Democrats Keep Senate Control With Cortez Masto Victory

With Sen. Catherine Cortez Masto’s (D-NV) close election win over Republican Adam Laxalt, Democrats will keep control of the U.S. Senate. The tally of delayed mail-in ballot counting resulted in 48.7% for the incumbent and 48.2% for the former state attorney general.

The result means that Democrats will now have at least 50 seats in the Senate and can count on Vice President Kamala Harris’ tie-breaking vote no matter the outcome of the Georgia runoff.

Cortez Masto in 2016 succeeded veteran Democratic Sen. Harry Reid, who served as Senate Majority Leader for eight years. She became the first Latina elected to the body and is a former two-term Nevada attorney general.

Laxalt is an Iraq War veteran who succeeded Cortez Masto as state attorney general. He hails from a political legacy as the grandson of the late Nevada governor and senator Paul Laxalt. The Republican lost a narrow election for governor in 2018.

In one of the most closely contested races of the midterm elections, polls went back and forth revealing one candidate or the other with a slim lead among voters.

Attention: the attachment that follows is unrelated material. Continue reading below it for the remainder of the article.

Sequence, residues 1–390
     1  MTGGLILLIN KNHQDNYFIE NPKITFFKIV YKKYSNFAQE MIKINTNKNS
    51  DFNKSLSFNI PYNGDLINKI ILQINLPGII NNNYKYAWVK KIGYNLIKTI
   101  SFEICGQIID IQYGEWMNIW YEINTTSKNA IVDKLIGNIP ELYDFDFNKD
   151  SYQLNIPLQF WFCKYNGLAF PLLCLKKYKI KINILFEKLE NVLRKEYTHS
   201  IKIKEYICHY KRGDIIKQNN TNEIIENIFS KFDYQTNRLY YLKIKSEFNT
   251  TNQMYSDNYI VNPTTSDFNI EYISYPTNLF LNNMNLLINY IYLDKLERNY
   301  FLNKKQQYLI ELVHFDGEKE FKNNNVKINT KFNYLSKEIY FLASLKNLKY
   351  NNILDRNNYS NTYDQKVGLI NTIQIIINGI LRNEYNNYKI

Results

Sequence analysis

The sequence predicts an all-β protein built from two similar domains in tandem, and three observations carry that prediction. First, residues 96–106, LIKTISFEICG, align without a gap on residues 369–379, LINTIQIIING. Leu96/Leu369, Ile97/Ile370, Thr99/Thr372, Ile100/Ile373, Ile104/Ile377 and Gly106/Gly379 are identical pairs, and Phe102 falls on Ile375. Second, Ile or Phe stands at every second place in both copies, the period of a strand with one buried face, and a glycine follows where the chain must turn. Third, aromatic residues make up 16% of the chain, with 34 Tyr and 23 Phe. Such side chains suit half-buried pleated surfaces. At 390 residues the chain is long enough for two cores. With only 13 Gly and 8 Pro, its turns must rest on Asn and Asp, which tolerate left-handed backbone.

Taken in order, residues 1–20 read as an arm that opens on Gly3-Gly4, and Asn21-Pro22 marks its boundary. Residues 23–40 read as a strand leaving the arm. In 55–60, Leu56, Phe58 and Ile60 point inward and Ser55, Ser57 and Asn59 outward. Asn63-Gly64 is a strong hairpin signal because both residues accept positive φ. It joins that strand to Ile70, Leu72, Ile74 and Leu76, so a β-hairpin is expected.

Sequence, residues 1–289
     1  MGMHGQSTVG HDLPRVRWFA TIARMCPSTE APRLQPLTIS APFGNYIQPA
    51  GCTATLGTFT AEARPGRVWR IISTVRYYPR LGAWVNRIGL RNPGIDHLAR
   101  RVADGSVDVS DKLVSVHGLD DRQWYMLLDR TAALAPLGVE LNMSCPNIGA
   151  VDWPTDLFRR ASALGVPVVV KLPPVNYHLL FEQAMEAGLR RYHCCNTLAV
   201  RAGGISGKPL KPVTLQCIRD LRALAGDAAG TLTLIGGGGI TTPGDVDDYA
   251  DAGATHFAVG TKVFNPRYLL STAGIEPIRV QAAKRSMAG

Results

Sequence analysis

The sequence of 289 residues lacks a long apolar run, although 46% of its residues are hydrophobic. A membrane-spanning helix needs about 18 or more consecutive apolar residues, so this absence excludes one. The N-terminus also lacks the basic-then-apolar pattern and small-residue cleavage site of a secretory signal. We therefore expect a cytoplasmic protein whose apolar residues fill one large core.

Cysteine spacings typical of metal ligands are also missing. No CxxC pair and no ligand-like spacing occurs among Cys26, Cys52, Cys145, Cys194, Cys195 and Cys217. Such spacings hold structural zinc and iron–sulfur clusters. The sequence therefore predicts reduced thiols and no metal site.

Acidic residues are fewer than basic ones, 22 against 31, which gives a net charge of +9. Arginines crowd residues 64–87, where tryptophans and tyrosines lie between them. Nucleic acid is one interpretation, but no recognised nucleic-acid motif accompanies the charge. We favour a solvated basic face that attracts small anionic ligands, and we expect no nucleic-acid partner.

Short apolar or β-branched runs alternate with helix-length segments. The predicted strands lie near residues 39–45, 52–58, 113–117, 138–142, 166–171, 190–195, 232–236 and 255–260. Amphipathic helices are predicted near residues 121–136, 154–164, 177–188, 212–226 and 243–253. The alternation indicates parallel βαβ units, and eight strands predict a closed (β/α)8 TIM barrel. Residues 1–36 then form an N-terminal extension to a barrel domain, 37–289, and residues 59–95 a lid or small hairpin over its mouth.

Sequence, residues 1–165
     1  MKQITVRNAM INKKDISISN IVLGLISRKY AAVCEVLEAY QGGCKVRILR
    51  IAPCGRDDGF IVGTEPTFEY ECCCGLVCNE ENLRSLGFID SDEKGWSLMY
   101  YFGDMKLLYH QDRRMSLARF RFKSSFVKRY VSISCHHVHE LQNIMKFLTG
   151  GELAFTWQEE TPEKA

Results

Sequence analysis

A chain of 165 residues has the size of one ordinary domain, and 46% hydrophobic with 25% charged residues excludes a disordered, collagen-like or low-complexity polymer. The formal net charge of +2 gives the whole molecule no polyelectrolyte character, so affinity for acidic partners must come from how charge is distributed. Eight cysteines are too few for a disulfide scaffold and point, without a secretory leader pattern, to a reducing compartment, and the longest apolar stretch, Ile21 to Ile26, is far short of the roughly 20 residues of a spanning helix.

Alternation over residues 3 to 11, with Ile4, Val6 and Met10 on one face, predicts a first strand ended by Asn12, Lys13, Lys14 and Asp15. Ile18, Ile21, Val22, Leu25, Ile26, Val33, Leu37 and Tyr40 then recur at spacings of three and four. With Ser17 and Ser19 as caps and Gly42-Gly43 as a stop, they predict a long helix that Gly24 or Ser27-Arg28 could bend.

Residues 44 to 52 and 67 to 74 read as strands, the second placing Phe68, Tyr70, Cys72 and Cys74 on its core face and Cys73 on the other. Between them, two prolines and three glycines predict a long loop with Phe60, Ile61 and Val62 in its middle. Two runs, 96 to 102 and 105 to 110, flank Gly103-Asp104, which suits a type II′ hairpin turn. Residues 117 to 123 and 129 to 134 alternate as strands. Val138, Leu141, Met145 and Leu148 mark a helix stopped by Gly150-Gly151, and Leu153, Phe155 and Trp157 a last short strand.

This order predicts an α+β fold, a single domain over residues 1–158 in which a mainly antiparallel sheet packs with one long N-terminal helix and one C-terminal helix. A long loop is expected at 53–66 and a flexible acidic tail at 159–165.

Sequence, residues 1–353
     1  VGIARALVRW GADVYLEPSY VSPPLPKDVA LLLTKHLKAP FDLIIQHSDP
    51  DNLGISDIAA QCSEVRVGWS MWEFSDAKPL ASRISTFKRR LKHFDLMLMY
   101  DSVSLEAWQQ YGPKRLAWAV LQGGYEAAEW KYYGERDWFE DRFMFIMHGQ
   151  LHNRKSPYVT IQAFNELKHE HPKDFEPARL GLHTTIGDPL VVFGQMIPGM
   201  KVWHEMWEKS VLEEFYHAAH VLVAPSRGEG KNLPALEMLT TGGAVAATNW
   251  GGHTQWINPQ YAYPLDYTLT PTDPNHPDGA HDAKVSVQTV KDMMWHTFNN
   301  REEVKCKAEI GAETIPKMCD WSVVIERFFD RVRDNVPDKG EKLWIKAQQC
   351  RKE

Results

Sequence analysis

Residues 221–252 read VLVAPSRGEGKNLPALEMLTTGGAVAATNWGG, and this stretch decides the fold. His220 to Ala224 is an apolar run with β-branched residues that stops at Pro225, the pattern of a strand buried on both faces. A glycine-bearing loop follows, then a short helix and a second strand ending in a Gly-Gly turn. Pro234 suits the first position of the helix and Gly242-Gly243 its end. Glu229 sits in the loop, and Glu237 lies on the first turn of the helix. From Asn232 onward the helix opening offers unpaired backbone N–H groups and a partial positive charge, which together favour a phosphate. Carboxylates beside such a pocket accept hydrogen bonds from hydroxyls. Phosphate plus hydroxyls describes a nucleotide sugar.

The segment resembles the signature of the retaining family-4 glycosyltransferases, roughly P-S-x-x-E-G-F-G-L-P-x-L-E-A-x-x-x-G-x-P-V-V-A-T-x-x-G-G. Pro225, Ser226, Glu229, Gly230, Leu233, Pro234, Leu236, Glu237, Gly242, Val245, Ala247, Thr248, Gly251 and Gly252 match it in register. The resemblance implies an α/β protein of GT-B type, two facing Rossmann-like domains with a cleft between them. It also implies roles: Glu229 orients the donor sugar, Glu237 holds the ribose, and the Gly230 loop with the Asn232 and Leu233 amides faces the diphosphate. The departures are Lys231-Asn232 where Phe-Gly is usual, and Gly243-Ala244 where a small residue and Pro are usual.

Just prior to Election Day, the RealClearPolitics aggregate showed Laxalt ahead by 3.4 points.

Cortez Masto, however, overcame a voting record that aligned with President Joe Biden almost 100%. Many saw this as a disadvantage and tagged her as one of the shakiest incumbents.

Abortion became one of the central issues in the race, with Cortez Masto claiming that Laxalt would support a federal ban if elected. He countered that he believed abortion law should be left up to the states.

Nevada already has codified abortion access up to 24 weeks.

OpenSecrets reports that Cortez Masto spent $46.6 million to retain her seat as opposed to $12.4 million by Laxalt as of Oct. 19. He made a strong push at the end, powered in part by endorsements from former President Donald Trump, Florida Gov. Ron DeSantis, and Sen. Ted Cruz (R-TX).

Still, the Democratic win put the party back in the driver’s seat of the U.S. Senate and took some of the shine off the Georgia runoff between Democrat Raphael Warnock and Republican Herschel Walker. The GOP will either have 50 or 49 seats when the dust settles in December.